Yele: getting to know the locals

24 Jul

Journal #3

As the team is getting settled in Yele – and Tori still waiting for her lost luggage to appear – the works on the D-labs are taking shape, aiming to create charcoal briquettes as a clean and cheap fuel.

Briquette Maker

This initiative is inspired by the Massachusetts Institution of Technology’s D-Lab, a department founded by Amy Smith to find simple solutions with available and clean products. As advised by D-Lab experts, the Project Yele Team is focusing on finding methods to make charcoal briquettes from agricultural waste – or biowaste – and teach locals to keep producing them in the future.  Not only is it a simple way of providing efficient fuel for the community, but it can also become a steady business for one or two families in the village.This idea has proven efficient in other African countries, and the team is aspiring to implement in Yele.

Burning palm leaves

In this second round of more successful attempts, the primary fuel came from dried palm leaves, oil palm fruit kernels and bamboo. This is a double benefit, as these biowastes are also a potential replacement for firewood, which has poor quality and provokes deforestation.

The inhabitants of Yele are eager to participate in these “experiments”, and clearly understand why the team is there, and what they are working for. Moreover, the team has begun to run surveys and interviews with the locals in order to determine their needs and priorities.

Running surveys and getting to know the locals

A child under a shop in Yele

For the Community Bazaar to run efficiently, some key questions need to be answered: Is there a demand for electricity? Would this kind of energy improve local business? What are the needs for shop owners in Yele…?

So far, two sets of surveys have been started:

1) To measure baseline levels of poverty: Tori and Mauricio headed out to carry out household surveys with the help of a translator from English to Krio, the local tribal language. During the tour, they met an 18-member household, all of them supported by only 2 working men. According to one of the women, they have no income and no expenses to speak of, and merely live to survive.However, this seems to be a below average situation in Yele.

Interviewing shop owners

2) The second set of interviews aims to understand the financial and energy service use of businesses. Paul spoke to 4 local shop owners, and concluded, amongst other things, that local businessmen are eager for business coaching, energy services and better access to electricity.

Business plans

Between chugs of local palm wine, the team suggested a business plan to Walter, one of the most important businessmen in the area. The idea was to sell ice. Disappointingly, Walter discouraged it, as he explained that an ice business cannot flourish in Yele without stable diesel prices, which are needed to power a generator to produce electricity for the freezer. Hence, the high price of fuel in Yele, with premium for transport to rural locations, would prohibit profitable sales of ice.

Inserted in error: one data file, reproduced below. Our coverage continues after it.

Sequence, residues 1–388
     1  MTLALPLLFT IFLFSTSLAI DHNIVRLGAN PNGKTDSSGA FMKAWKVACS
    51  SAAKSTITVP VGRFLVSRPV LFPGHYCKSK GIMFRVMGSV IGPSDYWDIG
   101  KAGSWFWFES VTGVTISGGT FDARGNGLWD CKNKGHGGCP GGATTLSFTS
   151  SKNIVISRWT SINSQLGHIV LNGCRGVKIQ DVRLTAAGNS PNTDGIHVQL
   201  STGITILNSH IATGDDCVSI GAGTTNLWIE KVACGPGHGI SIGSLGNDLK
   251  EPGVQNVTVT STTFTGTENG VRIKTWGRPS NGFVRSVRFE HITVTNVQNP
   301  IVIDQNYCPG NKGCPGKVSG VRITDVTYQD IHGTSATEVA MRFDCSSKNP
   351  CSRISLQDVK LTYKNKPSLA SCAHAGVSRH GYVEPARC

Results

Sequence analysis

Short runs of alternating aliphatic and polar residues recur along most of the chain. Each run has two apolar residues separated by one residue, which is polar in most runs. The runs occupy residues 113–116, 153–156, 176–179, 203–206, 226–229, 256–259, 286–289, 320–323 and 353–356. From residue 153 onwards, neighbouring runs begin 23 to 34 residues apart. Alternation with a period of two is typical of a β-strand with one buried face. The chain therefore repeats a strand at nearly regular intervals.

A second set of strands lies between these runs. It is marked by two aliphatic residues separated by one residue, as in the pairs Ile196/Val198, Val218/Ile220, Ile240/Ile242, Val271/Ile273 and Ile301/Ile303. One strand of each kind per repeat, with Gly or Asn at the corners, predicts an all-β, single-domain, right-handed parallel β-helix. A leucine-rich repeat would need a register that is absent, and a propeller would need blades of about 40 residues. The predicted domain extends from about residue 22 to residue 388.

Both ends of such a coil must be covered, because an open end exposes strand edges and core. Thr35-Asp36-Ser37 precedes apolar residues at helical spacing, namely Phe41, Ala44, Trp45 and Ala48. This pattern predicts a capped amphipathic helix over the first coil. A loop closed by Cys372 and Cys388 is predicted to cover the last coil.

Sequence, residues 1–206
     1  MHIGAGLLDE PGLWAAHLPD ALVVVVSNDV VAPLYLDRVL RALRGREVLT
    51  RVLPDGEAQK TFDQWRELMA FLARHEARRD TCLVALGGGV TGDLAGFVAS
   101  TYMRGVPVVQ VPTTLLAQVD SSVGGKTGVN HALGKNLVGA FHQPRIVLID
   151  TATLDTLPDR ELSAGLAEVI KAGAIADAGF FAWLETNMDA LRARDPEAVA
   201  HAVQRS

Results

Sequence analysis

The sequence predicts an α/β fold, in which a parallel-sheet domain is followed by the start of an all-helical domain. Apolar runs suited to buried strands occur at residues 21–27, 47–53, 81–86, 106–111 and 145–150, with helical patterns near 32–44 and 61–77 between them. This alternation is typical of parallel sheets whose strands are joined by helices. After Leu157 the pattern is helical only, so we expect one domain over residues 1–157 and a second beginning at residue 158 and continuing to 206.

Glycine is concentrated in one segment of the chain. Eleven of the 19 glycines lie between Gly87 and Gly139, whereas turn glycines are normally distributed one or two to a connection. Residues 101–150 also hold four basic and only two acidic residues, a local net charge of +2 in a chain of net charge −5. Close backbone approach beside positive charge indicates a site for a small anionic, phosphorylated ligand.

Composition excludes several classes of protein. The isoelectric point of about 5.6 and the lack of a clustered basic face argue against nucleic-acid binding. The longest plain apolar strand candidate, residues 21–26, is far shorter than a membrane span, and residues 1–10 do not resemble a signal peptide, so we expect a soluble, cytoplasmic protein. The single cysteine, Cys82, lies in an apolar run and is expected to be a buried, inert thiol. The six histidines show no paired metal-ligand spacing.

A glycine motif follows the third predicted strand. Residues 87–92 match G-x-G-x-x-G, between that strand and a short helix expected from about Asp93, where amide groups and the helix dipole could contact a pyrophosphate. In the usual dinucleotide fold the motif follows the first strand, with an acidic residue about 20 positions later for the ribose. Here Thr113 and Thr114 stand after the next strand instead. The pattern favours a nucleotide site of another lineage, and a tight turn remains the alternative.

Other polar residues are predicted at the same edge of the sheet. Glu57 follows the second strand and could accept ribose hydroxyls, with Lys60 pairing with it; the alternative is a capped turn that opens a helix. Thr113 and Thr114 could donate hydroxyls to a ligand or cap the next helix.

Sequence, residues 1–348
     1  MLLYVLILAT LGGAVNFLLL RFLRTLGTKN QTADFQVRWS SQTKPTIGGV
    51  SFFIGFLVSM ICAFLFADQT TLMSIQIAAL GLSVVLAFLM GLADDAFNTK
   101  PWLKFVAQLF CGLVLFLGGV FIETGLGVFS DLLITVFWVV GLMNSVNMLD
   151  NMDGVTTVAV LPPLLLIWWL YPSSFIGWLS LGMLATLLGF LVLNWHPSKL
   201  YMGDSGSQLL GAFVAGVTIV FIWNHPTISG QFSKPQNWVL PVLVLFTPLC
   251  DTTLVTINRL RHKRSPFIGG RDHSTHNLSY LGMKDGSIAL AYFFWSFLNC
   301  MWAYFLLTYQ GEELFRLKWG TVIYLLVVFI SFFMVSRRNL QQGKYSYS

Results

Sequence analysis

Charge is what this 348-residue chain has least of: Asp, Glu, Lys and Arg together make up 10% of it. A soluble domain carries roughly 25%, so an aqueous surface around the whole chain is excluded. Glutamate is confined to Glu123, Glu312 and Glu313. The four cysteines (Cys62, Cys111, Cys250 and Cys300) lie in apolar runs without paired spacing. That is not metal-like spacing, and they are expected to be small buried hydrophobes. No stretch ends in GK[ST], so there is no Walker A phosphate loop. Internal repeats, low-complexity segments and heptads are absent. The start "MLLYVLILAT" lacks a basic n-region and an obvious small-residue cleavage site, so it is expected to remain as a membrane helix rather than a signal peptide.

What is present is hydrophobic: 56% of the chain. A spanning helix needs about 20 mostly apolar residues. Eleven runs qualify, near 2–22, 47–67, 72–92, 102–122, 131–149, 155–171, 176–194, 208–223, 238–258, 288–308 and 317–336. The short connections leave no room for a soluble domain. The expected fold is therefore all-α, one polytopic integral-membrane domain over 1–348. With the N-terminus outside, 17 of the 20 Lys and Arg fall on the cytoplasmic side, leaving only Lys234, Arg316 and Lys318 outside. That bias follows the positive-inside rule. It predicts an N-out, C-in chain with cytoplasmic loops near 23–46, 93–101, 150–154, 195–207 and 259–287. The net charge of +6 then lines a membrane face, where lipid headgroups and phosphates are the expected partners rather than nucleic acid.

Making ice

We’ve quickly discovered that here, people live by fuel prices, as the impact is direct. Standards of living fall or rise according to fuel, as everything needs to be transported to Yele.

Work Hard, Play Hard

After having used the 2 daily hours of internet to schedule meetings with Ecobank and Makeni University in order to explore possible collaborations, the members of the team celebrated a birthday with cake, dinner and decorations, and finally let out some steam with a muddy football game under the rain. (Which, by the way, was won by Tori & Mauricio’s team!).

The team hard at work

Antal is on her way to Sierra Leone, to support her team in their ambitious plans (and to bring some extra clothes for Tori). Meanwhile, Anna is providing logistic support and coordinating the expedition from Boston. She is in charge of solving any problems or difficulties that may be encountered during the team’s stay in Sierra Leone. For an inquiries or doubts about the project, you may also contact her at:

If you wish to know more about Project Yele or to contact the team, please visit the website, or follow us on Facebook and Twitter.


One Response to “Yele: getting to know the locals”


  1. Getting on with the Yele Community Bazaar « Project Yele: Visit to Yele 2011 - July 31, 2011

    […] same day, Antal and Tori got to work on the D-lab and made a second batch of charcoal briquettes with fresh cassava – an edible root, very rich in […]

Leave a Reply

Fill in your details below or click an icon to log in: Logo

You are commenting using your account. Log Out /  Change )

Google+ photo

You are commenting using your Google+ account. Log Out /  Change )

Twitter picture

You are commenting using your Twitter account. Log Out /  Change )

Facebook photo

You are commenting using your Facebook account. Log Out /  Change )


Connecting to %s

%d bloggers like this: